Text: Vincenzo Mattei
Photos: Manu Brabo
In a run-down suburban neighbourhood of Alexandria, Egypt, 12-year-old Asma empties a sack of medals onto the floor. They belong to her 25-year-old sister, Nahla, and testify to her success at weightlifting contests across the world – Canada, Greece, China, Russia, Holland, Poland and South Africa.
For Asma and Nahla’s father, Ramadan Mohamed Abdel el Nasser, known simply as Captain Ramadan, the statuette his daughter received for participating in the 2012 London Olympic Games, where she placed fifth, is a particular source of pride – as is the fact that Nahla has followed in his footsteps.
Ramadan started lifting weights in 1964 during his military service. But the 1967 and 1973 wars with Israel put an end to his fledgling sports career and Olympic ambitions.
So, in 1980, he opened an outdoor weightlifting gym for children.
Located beside Alexandria harbour, that gym has become the site of true revolution for some of the girls who practice there. For Heba Saleh, Amal Mohamed, Esraa Mohamed Fahmy and Samar Said it is an island separated from the rest of society, a place where they can remove their hijabs and lift weights alongside other girls and boys, free from the judgements of their communities.
“Sport is a way of life. [It allows me to be] with my friends … [and] provides me with rules to observe and different perspectives,” explains 20-year-old Esraa, who is considered a promising young prospect on Egypt’s weightlifting scene.
“We owe a lot to our coach,” she adds, indicating a nearby parking lot where other youths gather to take drugs while Ramadan’s charges train nearby.
Captain Ramadan has become a legend in the neighbourhood. When he first opened the gym, curious neighbours came to watch. Today, it remains the only gym for kilometres and offers the youngsters an alternative to the street life they see around them.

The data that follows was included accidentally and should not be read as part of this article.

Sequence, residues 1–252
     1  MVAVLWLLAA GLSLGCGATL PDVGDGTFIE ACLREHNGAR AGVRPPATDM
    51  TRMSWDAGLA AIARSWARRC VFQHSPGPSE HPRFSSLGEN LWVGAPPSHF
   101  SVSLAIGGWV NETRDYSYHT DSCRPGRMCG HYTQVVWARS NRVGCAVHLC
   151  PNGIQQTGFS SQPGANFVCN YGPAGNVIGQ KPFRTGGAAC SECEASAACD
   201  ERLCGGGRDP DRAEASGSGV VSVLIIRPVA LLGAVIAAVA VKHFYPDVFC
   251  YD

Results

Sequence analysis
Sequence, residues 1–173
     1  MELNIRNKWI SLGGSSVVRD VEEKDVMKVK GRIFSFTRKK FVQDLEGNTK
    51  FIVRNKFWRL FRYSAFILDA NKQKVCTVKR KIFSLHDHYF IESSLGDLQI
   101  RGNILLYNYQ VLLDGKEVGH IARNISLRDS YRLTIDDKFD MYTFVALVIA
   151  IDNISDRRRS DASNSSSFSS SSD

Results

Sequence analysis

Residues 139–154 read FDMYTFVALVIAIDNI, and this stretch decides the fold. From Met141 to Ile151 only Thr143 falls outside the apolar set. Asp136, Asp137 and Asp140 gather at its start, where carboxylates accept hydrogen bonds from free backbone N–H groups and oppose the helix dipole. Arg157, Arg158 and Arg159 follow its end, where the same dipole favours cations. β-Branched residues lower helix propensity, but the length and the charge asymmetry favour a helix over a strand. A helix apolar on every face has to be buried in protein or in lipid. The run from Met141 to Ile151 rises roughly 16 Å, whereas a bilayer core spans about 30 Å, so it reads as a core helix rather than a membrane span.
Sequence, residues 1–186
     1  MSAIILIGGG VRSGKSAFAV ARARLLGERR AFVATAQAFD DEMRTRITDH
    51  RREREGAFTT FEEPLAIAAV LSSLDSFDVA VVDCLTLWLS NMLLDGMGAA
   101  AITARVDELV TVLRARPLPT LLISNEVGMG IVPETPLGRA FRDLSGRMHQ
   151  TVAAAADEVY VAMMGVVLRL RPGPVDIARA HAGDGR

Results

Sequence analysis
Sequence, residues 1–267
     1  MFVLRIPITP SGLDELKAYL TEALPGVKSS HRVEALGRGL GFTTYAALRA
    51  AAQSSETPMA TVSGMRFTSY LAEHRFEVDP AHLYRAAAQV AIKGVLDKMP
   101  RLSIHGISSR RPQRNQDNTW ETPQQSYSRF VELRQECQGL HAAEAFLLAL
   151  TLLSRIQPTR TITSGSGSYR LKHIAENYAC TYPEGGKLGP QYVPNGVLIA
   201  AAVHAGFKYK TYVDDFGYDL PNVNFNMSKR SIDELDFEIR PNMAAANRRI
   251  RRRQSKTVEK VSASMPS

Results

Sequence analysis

For 18-year-old Samar Said, a silver medallist at the International Female Islamic Games in Indonesia and a gold medallist at the Junior African Championship in Tunisia, weightlifting helps her to fulfil another passion – poetry. Every time she looks at the weights, she says her mind fills with rhymes. In moments of intense concentration, as she lifts a 115kg weight high above her head, her gaze fixed beyond the road ahead and the friends who have gathered to watch her, her face etched with determination, her poems come to life in her mind.
For a few seconds the iron disks seem to float above her head before she throws them down on the shabby wooden platform to the applause of the other girls.
The weight of the world – Aljazeera
Samar has even dedicated one of her poems to Captain Ramadan, turning it, with the help of Esraa, into a song.
Both girls intend to study Physical Education at college and hope to follow in Ramadan’s footsteps, coaching local children.
All of the girls look at Nahla Ramadan and Esmat Mansour, a gold medallist at the 2013 Mediterranean Games in Turkey, as examples to follow. And Asma in particular is eager to emulate her older sister’s success. But, for now, she will have to wait. By law, international competitors must be at least 15 years old.
For those who are old enough, international competitions offer an opportunity to travel, make new friends and experience different cultures. When they aren’t competing, they are here in their outdoor gym come rain or shine, pursuing a quiet revolution of fulfilled hopes and ambitious dreams alongside their Captain Ramadan.